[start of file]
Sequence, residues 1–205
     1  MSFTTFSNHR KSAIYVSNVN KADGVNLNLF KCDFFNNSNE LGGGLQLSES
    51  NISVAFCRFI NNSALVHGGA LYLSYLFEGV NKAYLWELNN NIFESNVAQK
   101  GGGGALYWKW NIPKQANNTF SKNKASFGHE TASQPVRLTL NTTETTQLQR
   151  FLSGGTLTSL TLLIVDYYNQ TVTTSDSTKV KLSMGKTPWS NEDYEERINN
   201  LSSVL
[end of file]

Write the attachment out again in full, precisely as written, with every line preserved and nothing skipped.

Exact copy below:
Sequence, residues 1–205
     1  MSFTTFSNHR KSAIYVSNVN KADGVNLNLF KCDFFNNSNE LGGGLQLSES
    51  NISVAFCRFI NNSALVHGGA LYLSYLFEGV NKAYLWELNN NIFESNVAQK
   101  GGGGALYWKW NIPKQANNTF SKNKASFGHE TASQPVRLTL NTTETTQLQR
   151  FLSGGTLTSL TLLIVDYYNQ TVTTSDSTKV KLSMGKTPWS NEDYEERINN
   201  LSSVL